The polymath1 project has just uploaded to the arXiv the paper “A new proof of the density Hales-Jewett theorem“, to be submitted shortly.  Special thanks here go to Ryan O’Donnell for performing the lion’s share of the writing up of the results, and to Tim Gowers for running a highly successful online mathematical experiment.

I’ll state the main result in the first non-trivial case k=3 for simplicity, though the methods extend surprisingly easily to higher k (but with significantly worse bounds).  Let c_{n,3} be the size of the largest subset of the cube [3]^n = \{1,2,3\}^n that does not contain any combinatorial line.    The density Hales-Jewett theorem of Furstenberg and Katznelson shows that c_{n,3} = o(3^n).  In the course of the Polymath1 project, the explicit values

c_{0,3} = 1; c_{1,3} = 2; c_{2,3} = 6; c_{3,3} = 18; c_{4,3} = 52; c_{5,3} =150; c_{6,3} = 450

were established, as well as the asymptotic lower bound

c_{n,3} \geq 3^n \exp( - O( \sqrt{ \log n } ) )

(actually we have a slightly more precise bound than this).  The main result of this paper is then

Theorem. (k=3 version) c_{n,3} \ll 3^n / \log^{1/2}_* n.

Here \log_* n is the inverse tower exponential function; it is the number of times one has to take (natural) logarithms until one drops below 1.  So it does go to infinity, but extremely slowly.  Nevertheless, this is the first explicitly quantitative version of the density Hales-Jewett theorem.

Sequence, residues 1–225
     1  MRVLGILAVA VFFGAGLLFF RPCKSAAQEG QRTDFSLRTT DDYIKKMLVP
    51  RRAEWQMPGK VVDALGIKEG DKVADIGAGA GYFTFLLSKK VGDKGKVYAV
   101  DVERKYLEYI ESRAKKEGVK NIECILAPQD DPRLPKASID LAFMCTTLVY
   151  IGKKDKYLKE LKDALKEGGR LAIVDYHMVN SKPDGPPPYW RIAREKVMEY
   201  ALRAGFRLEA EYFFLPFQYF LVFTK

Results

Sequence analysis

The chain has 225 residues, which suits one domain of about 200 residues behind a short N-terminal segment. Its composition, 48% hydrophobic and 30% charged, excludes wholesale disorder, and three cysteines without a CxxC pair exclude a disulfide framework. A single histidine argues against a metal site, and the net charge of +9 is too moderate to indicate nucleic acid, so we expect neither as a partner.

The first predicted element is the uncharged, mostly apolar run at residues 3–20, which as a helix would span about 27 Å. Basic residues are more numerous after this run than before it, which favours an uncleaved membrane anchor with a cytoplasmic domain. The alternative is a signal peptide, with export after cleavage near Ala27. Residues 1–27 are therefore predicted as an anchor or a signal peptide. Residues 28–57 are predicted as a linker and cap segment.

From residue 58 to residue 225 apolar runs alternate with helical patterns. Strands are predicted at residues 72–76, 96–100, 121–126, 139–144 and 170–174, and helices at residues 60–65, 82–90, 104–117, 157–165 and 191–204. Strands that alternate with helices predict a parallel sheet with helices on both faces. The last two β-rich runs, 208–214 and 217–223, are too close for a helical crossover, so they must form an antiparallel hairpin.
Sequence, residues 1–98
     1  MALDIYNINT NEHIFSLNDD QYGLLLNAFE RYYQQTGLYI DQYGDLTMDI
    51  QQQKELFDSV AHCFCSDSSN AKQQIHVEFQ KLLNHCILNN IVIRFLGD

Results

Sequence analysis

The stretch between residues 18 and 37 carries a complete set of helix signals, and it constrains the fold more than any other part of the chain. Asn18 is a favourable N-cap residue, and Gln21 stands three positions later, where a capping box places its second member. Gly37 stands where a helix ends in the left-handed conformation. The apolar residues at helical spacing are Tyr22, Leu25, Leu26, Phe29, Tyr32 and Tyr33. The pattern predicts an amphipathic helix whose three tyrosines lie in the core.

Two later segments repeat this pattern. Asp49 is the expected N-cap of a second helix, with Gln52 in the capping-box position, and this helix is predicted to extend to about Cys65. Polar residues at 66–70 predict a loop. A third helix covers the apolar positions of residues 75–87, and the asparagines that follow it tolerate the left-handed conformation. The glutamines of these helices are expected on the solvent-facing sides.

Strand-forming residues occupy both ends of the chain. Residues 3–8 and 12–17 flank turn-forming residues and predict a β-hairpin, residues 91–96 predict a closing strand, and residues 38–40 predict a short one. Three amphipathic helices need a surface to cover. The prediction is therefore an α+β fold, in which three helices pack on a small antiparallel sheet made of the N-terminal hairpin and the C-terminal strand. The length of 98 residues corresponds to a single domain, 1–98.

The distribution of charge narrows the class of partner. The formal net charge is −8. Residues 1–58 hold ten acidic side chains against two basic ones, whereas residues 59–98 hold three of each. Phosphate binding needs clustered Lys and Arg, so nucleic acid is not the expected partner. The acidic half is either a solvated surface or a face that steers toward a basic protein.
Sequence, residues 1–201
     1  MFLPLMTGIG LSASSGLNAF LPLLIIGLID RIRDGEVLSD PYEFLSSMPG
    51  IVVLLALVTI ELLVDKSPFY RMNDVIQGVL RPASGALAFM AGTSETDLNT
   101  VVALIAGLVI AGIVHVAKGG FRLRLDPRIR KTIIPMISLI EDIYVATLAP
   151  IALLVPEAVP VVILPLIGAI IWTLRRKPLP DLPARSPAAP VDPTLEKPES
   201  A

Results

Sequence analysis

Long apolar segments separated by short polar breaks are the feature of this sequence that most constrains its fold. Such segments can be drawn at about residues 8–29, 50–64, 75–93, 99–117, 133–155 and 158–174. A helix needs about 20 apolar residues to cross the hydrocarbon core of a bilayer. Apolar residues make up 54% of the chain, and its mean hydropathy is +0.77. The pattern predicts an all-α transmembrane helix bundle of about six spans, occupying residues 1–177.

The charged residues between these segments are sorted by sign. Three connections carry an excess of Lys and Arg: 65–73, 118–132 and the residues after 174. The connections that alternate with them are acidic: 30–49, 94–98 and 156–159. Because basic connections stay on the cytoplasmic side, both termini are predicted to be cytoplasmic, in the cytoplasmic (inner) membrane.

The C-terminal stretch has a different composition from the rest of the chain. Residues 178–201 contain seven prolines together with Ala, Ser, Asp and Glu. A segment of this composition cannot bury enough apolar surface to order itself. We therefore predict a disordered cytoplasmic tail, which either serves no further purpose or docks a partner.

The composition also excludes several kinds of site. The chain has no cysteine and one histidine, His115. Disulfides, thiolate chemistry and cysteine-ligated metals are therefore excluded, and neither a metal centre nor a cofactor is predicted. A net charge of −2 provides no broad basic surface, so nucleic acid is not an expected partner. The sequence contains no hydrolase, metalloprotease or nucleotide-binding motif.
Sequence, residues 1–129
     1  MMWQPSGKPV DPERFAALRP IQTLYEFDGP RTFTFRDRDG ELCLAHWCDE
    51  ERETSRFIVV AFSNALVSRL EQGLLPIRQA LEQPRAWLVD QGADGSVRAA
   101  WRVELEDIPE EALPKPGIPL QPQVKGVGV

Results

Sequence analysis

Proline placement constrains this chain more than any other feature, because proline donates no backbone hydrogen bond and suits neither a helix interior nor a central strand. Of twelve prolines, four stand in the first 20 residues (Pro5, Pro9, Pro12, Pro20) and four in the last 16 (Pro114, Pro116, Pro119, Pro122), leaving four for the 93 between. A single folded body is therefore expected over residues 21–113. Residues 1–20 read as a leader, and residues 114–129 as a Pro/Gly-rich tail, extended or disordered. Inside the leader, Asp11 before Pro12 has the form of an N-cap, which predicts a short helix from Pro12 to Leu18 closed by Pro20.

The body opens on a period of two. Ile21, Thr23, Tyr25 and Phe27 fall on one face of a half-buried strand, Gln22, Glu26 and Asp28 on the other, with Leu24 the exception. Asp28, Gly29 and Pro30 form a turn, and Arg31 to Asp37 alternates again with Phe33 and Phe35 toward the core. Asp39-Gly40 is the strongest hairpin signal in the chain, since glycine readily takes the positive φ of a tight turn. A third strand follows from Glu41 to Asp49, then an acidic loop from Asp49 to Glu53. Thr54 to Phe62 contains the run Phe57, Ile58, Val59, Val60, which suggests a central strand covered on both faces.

The argument is based on the density increment argument as pioneered by Roth, and also used in later papers of Ajtai-Szemerédi and Shkredov on the corners problem, which was also influential in our current work (though, perhaps paradoxically, the generality of our setting makes our argument simpler than the above arguments, in particular allowing one to avoid use of the Fourier transform, regularity lemma, or Szemerédi’s theorem).   I discuss the argument in the first part of this previous blog post.

I’ll end this post with an open problem.  In our paper, we cite the work of P. L. Varnavides, who was the first to observe the elementary averaging argument that showed that Roth’s theorem (which showed that dense sets of integers contained at least one progression of length three) could be amplified (to show that there was in some sense a “dense” set of arithmetic progressions of length three).  However, despite much effort, we were not able to expand “P.” into the first name.  As one final task of the Polymath1 project, perhaps some readers with skills in detective work could lend a hand in finding out what Varnavides’ first name was? Update, Oct 22: Mystery now solved; see comments.